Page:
Step 3: Manage the Uncontrollable

The shop opened up the next day at 8 a.m. per usual. The only inconvenience was the air conditioning. We didn’t have it for the first week and it was the middle of summer in Kansas. We simply got some fans and scattered them around the shop, the office, and the lobby. We then explained to our customers that we had storm damage and were waiting for a new air conditioning unit. They were very understanding and didn’t complain. Some didn’t even realize we had that much storm damage in the first place.

A week after the storm, the air conditioning unit was installed, and the permanent roof was installed a couple of weeks later in July. For that, we didn’t have to close up the shop at all. They just installed it while the shop was open.

Step 4: Prepare for Next Time

If we would have been down for a week, we would have lost those seven days of business. Fortunately, we would have been able to claim loss of income with our insurance, but our employees wouldn’t have been able to get their hours in. Everything went pretty smoothly considering what we had to deal with.

The important thing is to just have a good contingency list of contacts for things you might need in the future for whatever the circumstance may be. Keep a list of these contacts on your phone so you can easily access it. If you build those different relationships with these people, it will really help in the process. It’s definitely what made a difference in our recovery time.

Preparing for the Worst

If you have gone through a storm or disaster, or even if you think one is unlikely to affect your shop, you may want to adjust your mindset and plan ahead for the possibility. Cate Steane, founder of Make It Happen Preparedness Services, shares her tips on preparing for this situation ahead of time.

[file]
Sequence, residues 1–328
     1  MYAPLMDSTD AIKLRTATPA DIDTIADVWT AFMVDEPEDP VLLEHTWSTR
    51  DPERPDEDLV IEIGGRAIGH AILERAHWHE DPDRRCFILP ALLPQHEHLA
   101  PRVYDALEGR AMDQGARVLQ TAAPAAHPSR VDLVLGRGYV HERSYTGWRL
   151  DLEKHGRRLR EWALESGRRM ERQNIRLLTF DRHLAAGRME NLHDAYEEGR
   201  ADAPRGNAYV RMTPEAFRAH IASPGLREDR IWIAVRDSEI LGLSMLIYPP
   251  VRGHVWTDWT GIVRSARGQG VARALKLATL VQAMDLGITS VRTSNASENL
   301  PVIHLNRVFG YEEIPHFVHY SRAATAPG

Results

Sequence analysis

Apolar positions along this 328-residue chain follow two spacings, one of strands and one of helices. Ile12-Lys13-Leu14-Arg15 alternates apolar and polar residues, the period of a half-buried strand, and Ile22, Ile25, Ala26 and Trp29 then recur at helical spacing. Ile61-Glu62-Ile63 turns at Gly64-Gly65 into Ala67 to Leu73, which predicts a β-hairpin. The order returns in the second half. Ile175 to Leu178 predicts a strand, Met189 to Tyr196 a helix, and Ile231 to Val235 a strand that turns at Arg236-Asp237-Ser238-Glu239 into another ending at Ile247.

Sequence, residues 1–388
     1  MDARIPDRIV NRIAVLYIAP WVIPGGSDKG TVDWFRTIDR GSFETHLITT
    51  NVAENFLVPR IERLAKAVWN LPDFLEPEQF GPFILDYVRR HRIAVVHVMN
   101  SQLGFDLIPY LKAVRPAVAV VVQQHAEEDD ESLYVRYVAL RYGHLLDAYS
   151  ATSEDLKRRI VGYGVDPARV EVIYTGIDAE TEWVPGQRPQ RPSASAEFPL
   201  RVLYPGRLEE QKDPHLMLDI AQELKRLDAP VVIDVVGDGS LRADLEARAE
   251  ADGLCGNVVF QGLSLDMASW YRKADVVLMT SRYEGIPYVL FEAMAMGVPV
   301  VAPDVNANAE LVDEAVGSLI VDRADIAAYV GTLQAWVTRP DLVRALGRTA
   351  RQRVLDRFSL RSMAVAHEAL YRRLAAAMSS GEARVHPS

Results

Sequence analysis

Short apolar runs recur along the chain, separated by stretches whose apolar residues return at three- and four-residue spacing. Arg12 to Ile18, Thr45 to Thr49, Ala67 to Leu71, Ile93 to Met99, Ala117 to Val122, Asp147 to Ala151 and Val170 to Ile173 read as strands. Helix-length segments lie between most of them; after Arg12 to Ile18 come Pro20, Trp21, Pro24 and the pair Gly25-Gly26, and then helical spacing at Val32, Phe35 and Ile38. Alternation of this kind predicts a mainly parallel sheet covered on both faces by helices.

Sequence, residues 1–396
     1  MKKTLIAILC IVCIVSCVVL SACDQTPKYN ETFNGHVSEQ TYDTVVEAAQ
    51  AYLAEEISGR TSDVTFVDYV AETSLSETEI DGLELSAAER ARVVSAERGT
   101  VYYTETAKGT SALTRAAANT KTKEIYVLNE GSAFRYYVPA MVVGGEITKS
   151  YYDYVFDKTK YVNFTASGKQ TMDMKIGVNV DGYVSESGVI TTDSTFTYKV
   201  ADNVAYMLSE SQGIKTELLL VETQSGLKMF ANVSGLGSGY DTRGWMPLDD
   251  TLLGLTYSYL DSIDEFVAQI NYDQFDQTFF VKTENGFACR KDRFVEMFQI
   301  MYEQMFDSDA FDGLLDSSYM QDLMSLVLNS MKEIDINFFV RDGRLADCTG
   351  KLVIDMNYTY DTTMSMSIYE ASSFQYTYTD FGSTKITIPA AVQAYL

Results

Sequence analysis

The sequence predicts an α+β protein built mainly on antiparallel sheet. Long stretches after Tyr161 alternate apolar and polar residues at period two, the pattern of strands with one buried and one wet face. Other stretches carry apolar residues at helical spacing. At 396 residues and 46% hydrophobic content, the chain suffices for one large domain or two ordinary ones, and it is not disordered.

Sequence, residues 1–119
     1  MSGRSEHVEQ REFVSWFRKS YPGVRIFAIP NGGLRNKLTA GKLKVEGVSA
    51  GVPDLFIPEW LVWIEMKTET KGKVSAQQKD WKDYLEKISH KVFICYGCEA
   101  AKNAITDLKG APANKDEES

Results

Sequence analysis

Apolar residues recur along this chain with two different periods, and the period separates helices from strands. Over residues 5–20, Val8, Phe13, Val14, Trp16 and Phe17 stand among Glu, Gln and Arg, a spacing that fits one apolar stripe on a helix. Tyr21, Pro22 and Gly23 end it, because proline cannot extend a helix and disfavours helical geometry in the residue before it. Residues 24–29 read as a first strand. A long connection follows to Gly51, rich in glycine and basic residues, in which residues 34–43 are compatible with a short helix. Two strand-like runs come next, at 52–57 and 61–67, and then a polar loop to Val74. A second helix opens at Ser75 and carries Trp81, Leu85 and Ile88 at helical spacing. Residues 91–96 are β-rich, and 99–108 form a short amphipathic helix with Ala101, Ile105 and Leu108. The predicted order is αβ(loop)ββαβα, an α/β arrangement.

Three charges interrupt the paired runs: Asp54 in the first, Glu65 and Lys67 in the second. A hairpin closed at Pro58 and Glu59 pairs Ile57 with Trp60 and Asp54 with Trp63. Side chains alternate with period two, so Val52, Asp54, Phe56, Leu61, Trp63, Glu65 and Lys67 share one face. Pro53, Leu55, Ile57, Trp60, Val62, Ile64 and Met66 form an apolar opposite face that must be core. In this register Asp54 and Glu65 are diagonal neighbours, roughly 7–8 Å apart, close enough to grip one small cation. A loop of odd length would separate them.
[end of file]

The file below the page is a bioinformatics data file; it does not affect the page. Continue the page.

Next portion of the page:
Tip No. 1: Take advantage of insurance.

Make sure your policy is up to date and the coverage is there. Utilizing insurance to the best of its ability will help you recover faster. Steane says most insurance companies will come out for free to make sure things are safe at your shop, and you won’t be penalized for it. 

Tip No. 2: Protect your investment.

Steps to protect your investment should be included in your plan when it comes to insurance, cash reserves, line of credit and pre-documenting claims.

Steane says to have cash reserves or a line of credit to keep employees on the payroll.

Tip No. 3: Make a plan.

Putting the perfect plan in place will ensure your business will be able to stand up on its own two feet following a disaster.

Your plan should include evacuation procedures, how to operate during a utility interruption, and a plan for how to reopen within five days.

Documents to Keep Safe

  • Revenue records
  • Expense records
  • Invoicing
  • Payroll
  • Inventory of tools, equipment, and supplies
  • Inventory of all vehicles on the premises (and yes, update this daily)
  • Title to any owned vehicles
  • Lease agreements for leased vehicles
  • Documents relating to licensing, training, and HR
  • Frequently-used manuals
  • Lease
  • Insurance policies
  • Title to property